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Nokia CEO: 'We Are Standing on a Burning Platform'

Nokia CEO: 'We Are Standing on a Burning Platform'

Posted February 8, 2011 at 11:57pm by iClarified · 13754 views
Nokia CEO Stephen Elop has penned a brutally honest internal memo to employees which outlines where Nokia has failed and announces that a new strategy will be revealed on February 11th.

Elop had this to say about Apple...

For example, there is intense heat coming from our competitors, more rapidly than we ever expected. Apple disrupted the market by redefining the smartphone and attracting developers to a closed, but very powerful ecosystem.

In 2008, Apple's market share in the $300+ price range was 25 percent; by 2010 it escalated to 61 percent. They are enjoying a tremendous growth trajectory with a 78 percent earnings growth year over year in Q4 2010. Apple demonstrated that if designed well, consumers would buy a high-priced phone with a great experience and developers would build applications. They changed the game, and today, Apple owns the high-end range.


Some have speculated that Nokia will announce a partnership with Windows Phone 7; however, there is little real evidence to corroborate this.

You can read the entire memo below...

[via Engadget]


Nokia CEO: 'We Are Standing on a Burning Platform'

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Hello there,

There is a pertinent story about a man who was working on an oil platform in the North Sea. He woke up one night from a loud explosion, which suddenly set his entire oil platform on fire. In mere moments, he was surrounded by flames. Through the smoke and heat, he barely made his way out of the chaos to the platform's edge. When he looked down over the edge, all he could see were the dark, cold, foreboding Atlantic waters.

As the fire approached him, the man had mere seconds to react. He could stand on the platform, and inevitably be consumed by the burning flames. Or, he could plunge 30 meters in to the freezing waters. The man was standing upon a "burning platform," and he needed to make a choice.

He decided to jump. It was unexpected. In ordinary circumstances, the man would never consider plunging into icy waters. But these were not ordinary times - his platform was on fire. The man survived the fall and the waters. After he was rescued, he noted that a "burning platform" caused a radical change in his behaviour.

We too, are standing on a "burning platform," and we must decide how we are going to change our behaviour.

Over the past few months, I've shared with you what I've heard from our shareholders, operators, developers, suppliers and from you. Today, I'm going to share what I've learned and what I have come to believe.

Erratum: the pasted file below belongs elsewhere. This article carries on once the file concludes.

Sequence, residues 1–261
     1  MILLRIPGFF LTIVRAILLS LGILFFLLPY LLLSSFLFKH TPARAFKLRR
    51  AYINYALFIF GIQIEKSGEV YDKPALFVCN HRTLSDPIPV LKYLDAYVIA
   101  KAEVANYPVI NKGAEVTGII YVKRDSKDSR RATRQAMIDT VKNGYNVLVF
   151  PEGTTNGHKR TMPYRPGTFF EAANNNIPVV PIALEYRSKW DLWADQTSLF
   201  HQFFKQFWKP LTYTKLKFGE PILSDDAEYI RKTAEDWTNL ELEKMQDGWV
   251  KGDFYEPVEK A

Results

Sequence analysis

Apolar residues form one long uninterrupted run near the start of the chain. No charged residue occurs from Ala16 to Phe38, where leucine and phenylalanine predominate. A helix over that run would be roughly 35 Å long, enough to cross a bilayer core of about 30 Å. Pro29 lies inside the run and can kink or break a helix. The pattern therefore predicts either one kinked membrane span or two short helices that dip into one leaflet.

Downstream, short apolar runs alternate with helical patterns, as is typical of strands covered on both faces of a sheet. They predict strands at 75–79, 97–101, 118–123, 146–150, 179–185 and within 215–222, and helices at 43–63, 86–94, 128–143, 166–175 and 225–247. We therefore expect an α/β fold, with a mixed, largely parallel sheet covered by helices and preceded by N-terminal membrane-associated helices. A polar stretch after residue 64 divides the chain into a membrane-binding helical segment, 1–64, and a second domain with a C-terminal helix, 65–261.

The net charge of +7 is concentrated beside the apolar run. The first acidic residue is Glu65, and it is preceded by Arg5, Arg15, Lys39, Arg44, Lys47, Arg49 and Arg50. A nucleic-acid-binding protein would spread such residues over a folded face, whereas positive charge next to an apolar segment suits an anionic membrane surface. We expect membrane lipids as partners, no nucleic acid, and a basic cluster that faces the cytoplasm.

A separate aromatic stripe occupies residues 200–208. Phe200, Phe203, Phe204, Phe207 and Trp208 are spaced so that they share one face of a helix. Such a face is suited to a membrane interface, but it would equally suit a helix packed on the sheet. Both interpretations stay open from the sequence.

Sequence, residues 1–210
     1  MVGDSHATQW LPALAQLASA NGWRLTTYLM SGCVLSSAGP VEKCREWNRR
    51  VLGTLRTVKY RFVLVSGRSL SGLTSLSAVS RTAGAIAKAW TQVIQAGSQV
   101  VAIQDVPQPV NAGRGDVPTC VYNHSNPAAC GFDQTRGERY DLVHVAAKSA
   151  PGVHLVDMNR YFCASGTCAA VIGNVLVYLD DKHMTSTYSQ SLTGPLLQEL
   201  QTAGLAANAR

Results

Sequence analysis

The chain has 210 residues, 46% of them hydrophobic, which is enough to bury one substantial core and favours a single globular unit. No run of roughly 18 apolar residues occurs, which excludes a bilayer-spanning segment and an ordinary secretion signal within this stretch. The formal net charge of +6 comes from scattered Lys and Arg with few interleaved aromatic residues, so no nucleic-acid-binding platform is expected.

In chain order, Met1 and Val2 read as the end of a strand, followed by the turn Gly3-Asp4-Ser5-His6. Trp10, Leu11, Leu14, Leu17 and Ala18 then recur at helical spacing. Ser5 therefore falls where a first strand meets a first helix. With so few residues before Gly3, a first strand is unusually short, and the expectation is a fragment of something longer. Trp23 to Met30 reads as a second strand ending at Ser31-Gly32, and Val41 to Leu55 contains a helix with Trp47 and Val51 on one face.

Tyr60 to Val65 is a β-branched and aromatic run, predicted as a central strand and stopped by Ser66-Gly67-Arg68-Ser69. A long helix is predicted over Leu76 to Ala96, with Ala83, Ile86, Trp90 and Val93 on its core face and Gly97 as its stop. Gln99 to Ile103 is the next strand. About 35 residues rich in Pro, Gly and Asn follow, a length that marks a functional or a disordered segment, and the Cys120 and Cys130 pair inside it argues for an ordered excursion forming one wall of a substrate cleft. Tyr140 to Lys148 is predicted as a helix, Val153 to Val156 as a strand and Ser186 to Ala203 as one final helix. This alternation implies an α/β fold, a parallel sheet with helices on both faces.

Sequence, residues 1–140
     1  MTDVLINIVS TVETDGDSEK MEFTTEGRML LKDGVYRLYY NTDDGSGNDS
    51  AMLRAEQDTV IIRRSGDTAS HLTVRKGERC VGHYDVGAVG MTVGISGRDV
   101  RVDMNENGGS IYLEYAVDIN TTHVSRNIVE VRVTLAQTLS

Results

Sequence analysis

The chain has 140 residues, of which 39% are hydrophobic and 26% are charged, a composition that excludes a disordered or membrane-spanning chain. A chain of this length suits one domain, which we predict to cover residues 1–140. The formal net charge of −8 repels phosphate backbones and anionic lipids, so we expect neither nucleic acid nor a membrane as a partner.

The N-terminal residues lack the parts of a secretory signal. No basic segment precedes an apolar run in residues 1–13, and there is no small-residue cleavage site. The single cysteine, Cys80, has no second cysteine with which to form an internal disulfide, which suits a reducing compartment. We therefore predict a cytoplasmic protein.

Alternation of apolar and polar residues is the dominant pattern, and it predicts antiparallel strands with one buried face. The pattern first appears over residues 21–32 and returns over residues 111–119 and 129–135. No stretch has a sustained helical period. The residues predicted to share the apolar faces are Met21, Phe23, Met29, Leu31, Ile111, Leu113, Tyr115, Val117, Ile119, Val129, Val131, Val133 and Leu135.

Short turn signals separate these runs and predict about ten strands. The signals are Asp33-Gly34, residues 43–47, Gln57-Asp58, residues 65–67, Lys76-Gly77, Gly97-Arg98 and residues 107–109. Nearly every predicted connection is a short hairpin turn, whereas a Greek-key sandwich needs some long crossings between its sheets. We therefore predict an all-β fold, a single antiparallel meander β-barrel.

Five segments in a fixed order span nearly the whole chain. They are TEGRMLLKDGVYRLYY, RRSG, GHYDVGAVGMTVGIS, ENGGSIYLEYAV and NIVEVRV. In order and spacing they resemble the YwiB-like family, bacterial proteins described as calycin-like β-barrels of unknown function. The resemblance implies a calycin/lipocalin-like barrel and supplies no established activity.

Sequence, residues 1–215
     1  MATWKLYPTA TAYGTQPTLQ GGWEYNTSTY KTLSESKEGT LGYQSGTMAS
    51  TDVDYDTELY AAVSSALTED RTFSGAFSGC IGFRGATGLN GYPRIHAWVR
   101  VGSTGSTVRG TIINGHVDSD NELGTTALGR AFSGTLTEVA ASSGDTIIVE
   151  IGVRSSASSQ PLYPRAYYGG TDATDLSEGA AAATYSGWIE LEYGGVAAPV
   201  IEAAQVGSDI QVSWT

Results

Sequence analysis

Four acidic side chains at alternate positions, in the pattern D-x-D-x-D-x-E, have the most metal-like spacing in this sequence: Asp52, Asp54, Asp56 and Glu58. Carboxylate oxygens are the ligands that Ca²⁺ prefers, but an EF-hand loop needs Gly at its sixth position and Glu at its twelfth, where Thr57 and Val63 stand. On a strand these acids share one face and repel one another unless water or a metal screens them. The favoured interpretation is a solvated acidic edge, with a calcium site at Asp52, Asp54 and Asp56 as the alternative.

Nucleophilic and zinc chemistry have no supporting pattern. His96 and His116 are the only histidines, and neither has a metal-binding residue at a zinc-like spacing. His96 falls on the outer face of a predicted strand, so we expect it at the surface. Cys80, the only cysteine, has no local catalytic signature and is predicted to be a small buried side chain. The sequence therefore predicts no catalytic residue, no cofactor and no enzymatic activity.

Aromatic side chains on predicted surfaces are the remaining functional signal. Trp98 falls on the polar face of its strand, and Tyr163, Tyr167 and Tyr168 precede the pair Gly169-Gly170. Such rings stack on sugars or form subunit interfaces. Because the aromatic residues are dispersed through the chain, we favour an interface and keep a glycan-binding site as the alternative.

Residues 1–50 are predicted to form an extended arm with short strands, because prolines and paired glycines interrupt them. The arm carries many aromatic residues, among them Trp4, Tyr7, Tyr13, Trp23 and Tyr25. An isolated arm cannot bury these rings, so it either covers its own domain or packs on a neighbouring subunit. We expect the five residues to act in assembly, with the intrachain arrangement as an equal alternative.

I have learned that we are standing on a burning platform.

And, we have more than one explosion - we have multiple points of scorching heat that are fuelling a blazing fire around us.

For example, there is intense heat coming from our competitors, more rapidly than we ever expected. Apple disrupted the market by redefining the smartphone and attracting developers to a closed, but very powerful ecosystem.

In 2008, Apple's market share in the $300+ price range was 25 percent; by 2010 it escalated to 61 percent. They are enjoying a tremendous growth trajectory with a 78 percent earnings growth year over year in Q4 2010. Apple demonstrated that if designed well, consumers would buy a high-priced phone with a great experience and developers would build applications. They changed the game, and today, Apple owns the high-end range.

And then, there is Android. In about two years, Android created a platform that attracts application developers, service providers and hardware manufacturers. Android came in at the high-end, they are now winning the mid-range, and quickly they are going downstream to phones under €100. Google has become a gravitational force, drawing much of the industry's innovation to its core.

Let's not forget about the low-end price range. In 2008, MediaTek supplied complete reference designs for phone chipsets, which enabled manufacturers in the Shenzhen region of China to produce phones at an unbelievable pace. By some accounts, this ecosystem now produces more than one third of the phones sold globally - taking share from us in emerging markets.

While competitors poured flames on our market share, what happened at Nokia? We fell behind, we missed big trends, and we lost time. At that time, we thought we were making the right decisions; but, with the benefit of hindsight, we now find ourselves years behind.